Under the points exchange system used to calculate rankings, sides take points off each other based on the match result – whatever 1 side gains, the other loses. Such points exchanges are doubled during Rugby World Cup to recognise the unique importance of this event.
4 Nations have dropped down: Wales by 1 place from 2 to 3, Ireland by 1 from 4 to 5, England by 2 from 6 to 8, and Samoa by 4 from 11 to 15.
The 8 risers, all by 1 place, are Australia to 2nd, South Africa to 4th, France to 6th, Argentina to 7th, Japan to 11th, Tonga to 12th, Italy to 13th and Georgia to 14th.
The late former South African state President Nelson Mandela had been, posthumously, inducted into the World Rugby Hall of Fame.
The special ceremony took place at St James’ Park in Newcastle on Saturday, before the Springboks’ 34 / 16 victory over Scotland in a World Cup Pool B match.
World Rugby Chairman Bernard Lapasset presented the coveted Hall of Fame cap to the Deputy Minister of Sport and Recreation, Gert Oosthuizen and Francois Pienaar, captain of the South Africa team that won the Rugby World Cup of 1995 on home soil.
Lapasset said: “The World Rugby Hall of Fame recognises those who have made an indelible mark on our sport through feats on the field of play, displays of great character or through their tireless and inspirational work in driving forward our great game.
The teams have been announced for the “world’s oldest varsity match”, which returns home today.
The Universities of Edinburgh and St Andrews will contest at men’s and women’s first XV level on the international pitch at BT Murrayfield, with a crowd of more than 10 000 expected.
Their 2nd and 3rd 15s will also meet on the stadium’s back pitches.
The match – which pre-dates the battle between light and dark blues down south and which has attracted sponsorship from the Royal Bank of Scotland – pits 2 of the founder members of the Scottish Rugby Union against each other.
St Andrews are the current holders of the men’s trophy having triumphed on the last 2 meetings, when the fixture was contested at Richmond Athletic Ground as a means of connecting with Alumni in the London area.
Rugby World Cup debuts galore as Scotland’s tournament finally gets underway. After the group opened with a Double B (that’s a Bucking Belter) in Brighton will we have a Grand Guignolin Gloucester?
Only 4 players remain from Scotland’s last Rugby World Cup match, a 16 / 12 defeat to England in Auckland in 2011, with Ross Ford the only player in the same position for both games.
Japan bring 6 players into their starting line-up as they try to back up their stunning victory over former champions, South Africa. The Japanese bench features a 6 forwards to 2 backs split, which suggests they expect Scotland to try and overpower them up front and reinforcements will be required.
Twenty-five greats of the game whose careers spanned 3 centuries have been inducted into the World Rugby Hall of Fame in a ceremony at Wembley on Sunday at 18:00 SA Time (17:00 BST, 16:00 GMT)
Players from 7 different countries and a wide array of backgrounds were honoured at a special presentation in the Spirit of Rugby lounge at Wembley Stadium before the eagerly awaited Rugby World Cup 2015 Pool C match between New Zealand and Argentina.
From the pioneering 19th century Welsh tactician Gwyn Nichols to Rugby World Cup winners in Australian centre Tim Horan and South African scrumhalf Joost van der Westhuizen, the latest induction list reads like a ‘who’s who’ of rugby.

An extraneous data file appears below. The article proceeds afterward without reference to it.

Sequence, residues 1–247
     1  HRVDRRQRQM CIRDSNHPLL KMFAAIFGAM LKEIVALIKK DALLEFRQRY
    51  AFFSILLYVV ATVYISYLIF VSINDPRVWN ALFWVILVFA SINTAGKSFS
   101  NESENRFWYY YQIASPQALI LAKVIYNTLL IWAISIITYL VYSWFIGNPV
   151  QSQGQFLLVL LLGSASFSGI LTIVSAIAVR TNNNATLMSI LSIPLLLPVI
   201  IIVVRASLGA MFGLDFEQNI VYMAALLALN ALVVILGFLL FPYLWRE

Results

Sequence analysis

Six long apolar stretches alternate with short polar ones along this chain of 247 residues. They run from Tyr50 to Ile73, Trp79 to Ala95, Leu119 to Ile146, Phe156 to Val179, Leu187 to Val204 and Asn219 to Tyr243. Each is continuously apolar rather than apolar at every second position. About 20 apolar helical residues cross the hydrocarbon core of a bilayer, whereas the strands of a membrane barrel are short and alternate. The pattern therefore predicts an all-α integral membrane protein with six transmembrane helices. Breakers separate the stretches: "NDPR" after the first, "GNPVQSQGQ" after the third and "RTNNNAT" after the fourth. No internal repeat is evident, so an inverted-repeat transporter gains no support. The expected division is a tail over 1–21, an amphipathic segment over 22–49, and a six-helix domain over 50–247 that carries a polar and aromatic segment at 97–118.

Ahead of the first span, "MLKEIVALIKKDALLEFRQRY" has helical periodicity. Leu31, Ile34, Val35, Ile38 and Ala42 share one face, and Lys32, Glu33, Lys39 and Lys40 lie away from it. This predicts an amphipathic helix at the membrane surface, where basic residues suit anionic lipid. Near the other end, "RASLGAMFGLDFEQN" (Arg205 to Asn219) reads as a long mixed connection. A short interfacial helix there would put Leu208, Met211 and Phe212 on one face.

18 Captains of their countries are included. Irishman Fergus Slattery and Mervyn Davies are 2 of the names that ‘The voice of rugby’ Bill McLaren, the only non-international to feature in the latest Round of inductions, once reeled off in his unforgettable BBC commentaries.
Twice-capped coaching guru Carwyn James is 1 of 7 Welshmen to be inducted, while South Africa have 5 representatives. England, Ireland and Scotland have 3 apiece and 2 each from France and Australia make up the 25.
The winners of the Rugby World Cup on Saturday 31 October 2015 will receive, with glee, the Webb Ellis Cup.
That is the name the handsome cup carries – the Webb Ellis Cup.
It is a bit of a misnomer. It is named after a clergyman, the Reverend William Ellis, who died in 1872, but was credited with starting the rugby game in 1823.
The crediting happened 68 years after Ellis left Rugby School and 23 years after he died.
There is no record of his having played the game, certainly not of being its founder. His middle name was Webb, his mother’s maiden name, but his older brother was plain, Thomas Ellis.
The Cell C Sharks will play in a commemorative jersey when they tackle DHL Western Province in a Currie Cup clash at Growthpoint Kings Park on Saturday.
This year the KwaZulu-Natal Rugby Union celebrates its 125 year anniversary, and in celebration of this proud milestone, the Sharks have opted to alter their kit for the game against WP.
According to the Sharks, the design of the jersey will have a striking resemblance to the 1st ever Currie Cup jersey the old Natal played in.
Thomas du Toit will pack down at loosehead prop for the Sharks against WP after he recently declared that his preferred position is tighthead. Du Toit believes that his physique is better suited to anchoring the scrum, although he wasn’t out of place at loosehead prop. Du Toit has been playing tighthead since his school days, however his selection at loosehead this week means that he is still being used as a utility prop much like Springboks Coenie Oosthuizen and Trevor Nyakane.
The 79-year-old All Black great who was missing in London has been found and taken to hospital.
Terry Lineen, who was a midfield back in the 1950s, went missing at Heathrow Airport shortly after arriving from Auckland, missing his connection to Edinburgh.
He had been missing since 13:00 BST on Thursday (00:00 Friday NZ Time).
However, on Friday evening (NZ Time) his daughter-in-law Lynne said Lineen had been found by police in Twickenham and was in an ambulance on his way to hospital.